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Thursday, April 29, 2010

A priest, a rabbi, and a minister...

It happens thousands of times a week all over Silicon Valley. Friends gather after work for a drink at a bar, swap stories about bad bosses or the cool things they’re working on, then they head home. And many times each week, some of these patrons accidentally leave behind a mobile phone on the bar, or at their table.

Unfortunately, when one young engineer from Apple exited a bar in Redwood City last month, it wasn’t just any phone he left behind, it was a prototype of the new Apple iPhone; due out later this summer.

The person who found the prototype phone apparently made several attempts to find the owner, and when he couldn’t, he offered it up for sale to a handful of technology-oriented web sites. bought the phone for $5000. That’s their story anyway.

After thoroughly examining and testing the phone, reporter Jason Chen published a long story about it on the Gizmodo web site. Apple was not happy, and demanded the phone be returned. When Chen and Gizmodo initially refused, San Mateo County investigators broke into Chen’s apartment and seized computers, other electronics and credit card statements.

I’m not going to comment on the legality of this action, although I will say that the search warrant used said that the law enforcement officials who stormed Chen’s home were investigating a theft. From what I can tell, there was no theft, only a lost cell phone.

The entire case is getting a lot of attention in legal and journalistic circles regarding what is protected under the First Amendment.

What is more interesting to me about this story is, why is Apple so upset? For decades, Apple and its CEO Steve Jobs have used controlled leaks and sneak peeks, crafting these techniques into a communications art form designed to build buzz and excitement around pending product announcements. So why get so upset this time?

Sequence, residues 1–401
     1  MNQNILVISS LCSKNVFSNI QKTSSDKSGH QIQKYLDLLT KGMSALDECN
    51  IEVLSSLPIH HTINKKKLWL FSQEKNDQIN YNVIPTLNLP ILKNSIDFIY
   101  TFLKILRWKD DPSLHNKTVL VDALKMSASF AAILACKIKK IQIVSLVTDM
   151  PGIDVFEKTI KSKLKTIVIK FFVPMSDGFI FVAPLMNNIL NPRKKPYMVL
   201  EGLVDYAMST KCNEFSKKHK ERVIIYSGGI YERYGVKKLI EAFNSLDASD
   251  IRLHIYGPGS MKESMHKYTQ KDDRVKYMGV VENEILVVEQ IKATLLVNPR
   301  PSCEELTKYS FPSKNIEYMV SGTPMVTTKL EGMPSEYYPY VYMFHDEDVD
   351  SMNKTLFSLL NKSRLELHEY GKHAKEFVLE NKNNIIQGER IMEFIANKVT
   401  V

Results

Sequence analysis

Maybe it’s because the stakes are higher now than ever before. Just today, Microsoft announced a deal with Taiwanese mobile phone manufacturer HTC. Apparently, Microsoft holds certain patents that are used in devices running Google’s Android operating system. So rather than sue HTC, the way Apple did a month early over similar patent issues, Microsoft chose to make HTC a partner. Why?

HTC started out as a maker of phones that ran Microsoft’s Windows Mobile software. But because the Windows Mobile phone didn’t sell well in the market, HTC dropped the Microsoft operating system in favor of Google’s Android OS. Microsoft knows from its past success that he who owns the OS calls the shots. Losing HTC to Google surely left a bad taste in Microsoft’s mouth. So rather than sue HTC over patent violations, Microsoft convinced HTC that partnering was a better path for both companies.

To no one’s surprise, HTC has announced that it will produce new mobile phones that run Microsoft’s next mobile OS, Windows Phone 7.

And in other news this week, Hewlett Packard announced it was buying Palm for $1.2B. It may seem like a curious move at first, but if you look a little deeper, HP has its eyes set on the Palm operating system, webOS, also known as the Garnet OS. The Palm OS is generally considered to be one of the most powerful and innovative operating systems for mobile devices currently in the market. HP, which has already made it clear that it wants to be a major player in mobile computing with netbooks and tablets, needed an OS to compete with Google, Microsoft, RIM and Apple.

Which brings us back to Apple. One of Apple’s core strengths (no pun intended) with the iPhone is its app store. Those apps are developed by third parties, live in the cloud, and are downloaded for a fee by customers. Being able to dictate how those apps are developed may end up being the difference between who wins and loses the mobile phone wars.

So maybe that’s why the bigwigs at Apple are so wound up over the phone that was left at the bar in Redwood City. Just what’s in that new OS anyway?

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